Accounting today ran an article last week that 80% of companies are reporting SDG’s in their financial statements. We talked about this in previous posts and podcasts when we discussed ESG reporting and how that is growing.
There is just more evidence of it now with this KPMG report. They have multiple partners and groups working on putting this report together for a reason.
You have to remember that the groups and organizations coming up with these standards are funded by corporations and large government organizations influenced by the corporations. These standards also help large businesses so of course they are going to report on them. It puts undue pressures on smaller businesses that might not be able to use the same materials or safeguards that large organizations arbitrarily establish.
As we’ve said in previous podcasts, this area is only going to grow as the climate change culture in society grows. Large corporations will only put more influence on these organizations to establish stricter rules to force out competition. With that, let’s get into the specifics of what is in this report.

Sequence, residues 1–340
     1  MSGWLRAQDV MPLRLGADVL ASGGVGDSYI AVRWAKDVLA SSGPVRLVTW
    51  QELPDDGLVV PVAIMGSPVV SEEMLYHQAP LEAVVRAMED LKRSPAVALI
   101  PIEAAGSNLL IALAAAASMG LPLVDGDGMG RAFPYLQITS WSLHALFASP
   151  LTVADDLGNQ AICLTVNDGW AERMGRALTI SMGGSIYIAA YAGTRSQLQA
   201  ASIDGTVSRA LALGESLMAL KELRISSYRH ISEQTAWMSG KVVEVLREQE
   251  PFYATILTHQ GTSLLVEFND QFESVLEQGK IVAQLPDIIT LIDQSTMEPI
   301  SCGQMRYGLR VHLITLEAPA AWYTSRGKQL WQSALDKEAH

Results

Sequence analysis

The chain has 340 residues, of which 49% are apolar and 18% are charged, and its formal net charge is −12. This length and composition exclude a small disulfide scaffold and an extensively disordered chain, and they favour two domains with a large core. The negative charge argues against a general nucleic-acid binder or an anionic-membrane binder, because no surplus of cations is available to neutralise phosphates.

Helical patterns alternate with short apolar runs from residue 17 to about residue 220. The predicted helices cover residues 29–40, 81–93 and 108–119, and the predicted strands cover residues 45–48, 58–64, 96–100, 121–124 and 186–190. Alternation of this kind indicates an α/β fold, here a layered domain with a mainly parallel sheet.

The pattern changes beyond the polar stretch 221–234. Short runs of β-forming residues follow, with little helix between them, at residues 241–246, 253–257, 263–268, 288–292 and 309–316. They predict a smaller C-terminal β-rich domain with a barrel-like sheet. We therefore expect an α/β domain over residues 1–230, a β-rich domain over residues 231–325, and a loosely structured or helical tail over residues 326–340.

– 80% of companies worldwide are now reporting on sustainability
-90% of companies in north america report on sustainability
-100% of the top companies in japan and Mexico report on sustainability
-40% of companies now acknowledge the financial risks of climate change in their reporting
– A majority of companies worldwide now have targets in place to reduce their carbon emissions. KPMG themselves even recently committed to be carbon neutral.
-Third party assurance of sustainability information in corporate reporting is now a common business practice
-GRI remains the dominant global standard for sustainability reporting. GRI stands for Global reporting initiative. Of course GRI will tell you how to use their standards if you pay them to tell you.
– Mining leads in the disclosure of biodiversity risk. This makes sense since they have the potential to impact the environment the most.
-North America companies leading the way in acknowledging climate risks in financial reporting